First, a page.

There is a long history of heated fights over U.S. Supreme Court nominations, with anger in both parties. But the Democratic frustrations that boiled over on Sept. 4 had been simmering for more than two years.

Democrats accuse Senate Republican leaders of stealing a Supreme Court seat by refusing to consider Democratic former President Barack Obama’s nominee to the high court, Merrick Garland, in 2016, allowing Trump to fill a Supreme Court vacancy instead.

Republicans also last year reduced the margin for advancing Supreme Court nominations from 60 votes in the 100-seat Senate to a simple majority in order to force through the confirmation of Neil Gorsuch, Trump’s first high-court nominee. In 2013, Democrats set the precedent for the Republicans’ move by lowering the confirmation vote margin to 50 votes for most other executive nominees.

‘An Umpire’

As the hearing eventually got underway amid constant interruptions from protesters, Grassley sought to turn attention to Kavanaugh’s qualifications, calling him “one of the most qualified nominees—if not the most qualified nominee—I have seen.”

The Senate is likely to vote on confirmation by the end of the month. The court begins its next term in October.

“A good judge must be an umpire—a neutral and impartial arbiter who favors no litigant or policy,” Kavanaugh said in his opening statement at the tail end of the meeting. “I don’t decide cases based on personal or policy preferences.”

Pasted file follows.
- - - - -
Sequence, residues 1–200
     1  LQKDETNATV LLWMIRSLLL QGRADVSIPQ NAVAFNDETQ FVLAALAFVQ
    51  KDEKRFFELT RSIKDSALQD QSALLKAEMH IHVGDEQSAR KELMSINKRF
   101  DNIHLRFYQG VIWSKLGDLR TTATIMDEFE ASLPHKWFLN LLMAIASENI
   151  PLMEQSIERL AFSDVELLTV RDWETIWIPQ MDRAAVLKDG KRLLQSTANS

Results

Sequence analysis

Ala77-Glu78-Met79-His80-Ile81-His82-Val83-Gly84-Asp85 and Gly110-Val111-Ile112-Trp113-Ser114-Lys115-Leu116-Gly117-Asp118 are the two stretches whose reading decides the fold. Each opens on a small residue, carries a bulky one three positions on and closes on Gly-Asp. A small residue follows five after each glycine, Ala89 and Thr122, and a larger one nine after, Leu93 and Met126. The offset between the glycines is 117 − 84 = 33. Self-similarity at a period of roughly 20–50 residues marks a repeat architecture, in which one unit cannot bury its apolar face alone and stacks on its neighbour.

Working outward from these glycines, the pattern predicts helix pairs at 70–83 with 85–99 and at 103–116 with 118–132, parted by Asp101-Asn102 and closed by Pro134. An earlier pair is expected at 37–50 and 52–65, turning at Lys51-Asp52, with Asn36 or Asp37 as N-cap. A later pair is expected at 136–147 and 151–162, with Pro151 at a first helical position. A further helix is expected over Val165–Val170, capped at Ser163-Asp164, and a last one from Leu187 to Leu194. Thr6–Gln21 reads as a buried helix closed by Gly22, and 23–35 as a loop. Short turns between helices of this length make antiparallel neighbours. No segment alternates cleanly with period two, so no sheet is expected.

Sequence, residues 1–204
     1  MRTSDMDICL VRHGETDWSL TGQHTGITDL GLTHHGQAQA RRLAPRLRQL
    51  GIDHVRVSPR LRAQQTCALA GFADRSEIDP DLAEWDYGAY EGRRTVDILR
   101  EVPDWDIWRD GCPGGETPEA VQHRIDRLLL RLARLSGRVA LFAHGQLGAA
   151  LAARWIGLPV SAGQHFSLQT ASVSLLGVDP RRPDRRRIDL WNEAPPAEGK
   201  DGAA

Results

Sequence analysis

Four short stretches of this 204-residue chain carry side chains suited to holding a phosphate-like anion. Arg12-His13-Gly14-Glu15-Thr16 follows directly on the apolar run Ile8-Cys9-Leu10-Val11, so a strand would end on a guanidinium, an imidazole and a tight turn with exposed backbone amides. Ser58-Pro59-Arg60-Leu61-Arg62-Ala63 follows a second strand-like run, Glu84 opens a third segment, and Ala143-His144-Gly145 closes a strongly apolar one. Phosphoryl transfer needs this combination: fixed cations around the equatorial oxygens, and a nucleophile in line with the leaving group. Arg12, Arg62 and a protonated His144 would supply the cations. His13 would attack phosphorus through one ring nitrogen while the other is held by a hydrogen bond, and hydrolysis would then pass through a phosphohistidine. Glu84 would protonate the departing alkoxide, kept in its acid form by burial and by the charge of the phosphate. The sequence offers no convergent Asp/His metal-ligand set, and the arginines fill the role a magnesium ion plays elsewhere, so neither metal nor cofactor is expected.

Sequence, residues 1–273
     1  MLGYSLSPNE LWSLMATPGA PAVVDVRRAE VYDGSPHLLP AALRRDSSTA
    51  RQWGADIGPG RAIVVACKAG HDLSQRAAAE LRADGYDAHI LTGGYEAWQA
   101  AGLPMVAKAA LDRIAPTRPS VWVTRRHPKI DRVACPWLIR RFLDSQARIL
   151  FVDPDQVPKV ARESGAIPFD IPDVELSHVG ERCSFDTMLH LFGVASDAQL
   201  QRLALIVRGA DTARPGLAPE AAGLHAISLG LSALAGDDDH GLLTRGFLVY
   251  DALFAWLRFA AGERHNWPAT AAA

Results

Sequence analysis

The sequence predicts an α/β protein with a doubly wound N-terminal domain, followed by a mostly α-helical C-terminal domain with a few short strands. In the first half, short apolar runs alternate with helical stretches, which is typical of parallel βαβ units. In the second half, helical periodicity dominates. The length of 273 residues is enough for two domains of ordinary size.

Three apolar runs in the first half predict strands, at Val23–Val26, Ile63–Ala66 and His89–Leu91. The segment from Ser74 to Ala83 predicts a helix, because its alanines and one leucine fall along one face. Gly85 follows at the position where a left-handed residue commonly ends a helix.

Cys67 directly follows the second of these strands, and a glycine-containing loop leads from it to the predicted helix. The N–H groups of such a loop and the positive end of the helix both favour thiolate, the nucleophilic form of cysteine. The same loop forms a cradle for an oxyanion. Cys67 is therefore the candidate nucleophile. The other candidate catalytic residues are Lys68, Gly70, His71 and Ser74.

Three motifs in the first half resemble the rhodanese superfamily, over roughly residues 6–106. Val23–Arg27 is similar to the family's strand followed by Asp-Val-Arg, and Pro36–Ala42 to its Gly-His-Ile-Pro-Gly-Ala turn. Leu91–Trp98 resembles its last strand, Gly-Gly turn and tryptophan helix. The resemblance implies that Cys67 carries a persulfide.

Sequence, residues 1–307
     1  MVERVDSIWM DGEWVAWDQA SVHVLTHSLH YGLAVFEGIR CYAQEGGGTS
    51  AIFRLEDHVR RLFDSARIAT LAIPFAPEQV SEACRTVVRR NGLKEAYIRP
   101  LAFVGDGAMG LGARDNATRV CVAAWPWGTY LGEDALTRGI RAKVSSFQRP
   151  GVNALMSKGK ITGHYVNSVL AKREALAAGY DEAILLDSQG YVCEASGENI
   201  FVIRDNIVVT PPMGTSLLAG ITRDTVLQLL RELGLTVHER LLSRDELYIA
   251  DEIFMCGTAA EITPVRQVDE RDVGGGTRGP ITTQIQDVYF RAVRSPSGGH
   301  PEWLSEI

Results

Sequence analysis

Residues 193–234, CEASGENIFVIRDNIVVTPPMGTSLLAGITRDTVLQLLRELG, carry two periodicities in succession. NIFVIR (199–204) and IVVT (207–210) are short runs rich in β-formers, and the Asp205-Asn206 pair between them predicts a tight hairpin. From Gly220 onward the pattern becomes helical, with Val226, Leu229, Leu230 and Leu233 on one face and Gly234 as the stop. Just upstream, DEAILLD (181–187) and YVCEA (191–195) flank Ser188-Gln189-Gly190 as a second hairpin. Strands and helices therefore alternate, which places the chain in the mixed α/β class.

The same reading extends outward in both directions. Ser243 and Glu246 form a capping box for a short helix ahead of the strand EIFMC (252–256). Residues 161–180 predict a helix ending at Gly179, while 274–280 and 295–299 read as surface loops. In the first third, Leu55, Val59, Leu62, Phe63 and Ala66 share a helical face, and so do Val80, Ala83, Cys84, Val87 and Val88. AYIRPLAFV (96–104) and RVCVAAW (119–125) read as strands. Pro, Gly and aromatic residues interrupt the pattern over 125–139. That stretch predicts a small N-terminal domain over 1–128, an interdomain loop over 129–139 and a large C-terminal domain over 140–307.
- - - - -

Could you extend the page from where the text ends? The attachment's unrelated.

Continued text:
“I revere the Constitution. If confirmed to the Supreme Court, I will keep an open mind in every case. I will do equal right to the poor and to the rich,” Kavanaugh said.

The hearing gave Democrats a chance to make their case against Kavanaugh ahead of November’s congressional elections, in which they are seeking to seize control of Congress from Trump’s fellow Republicans.

Liberals are concerned that Kavanaugh could provide a decisive fifth vote on the nine-justice court to overturn or weaken Roe v. Wade, the landmark 1973 case that legalized abortion nationwide. Kennedy was a solid conservative but sided with the court’s liberals on some issues, including abortion and gay rights.

Kavanaugh also is likely to face questions about his views on investigating sitting presidents and the ongoing probe led by special counsel Robert Mueller into Russian meddling in the 2016 U.S. presidential election.

In 2009, Kavanaugh wrote a law review article saying presidents should be free from the distractions of civil lawsuits, criminal prosecutions, and investigations while in office.

Reuters contributed to this report.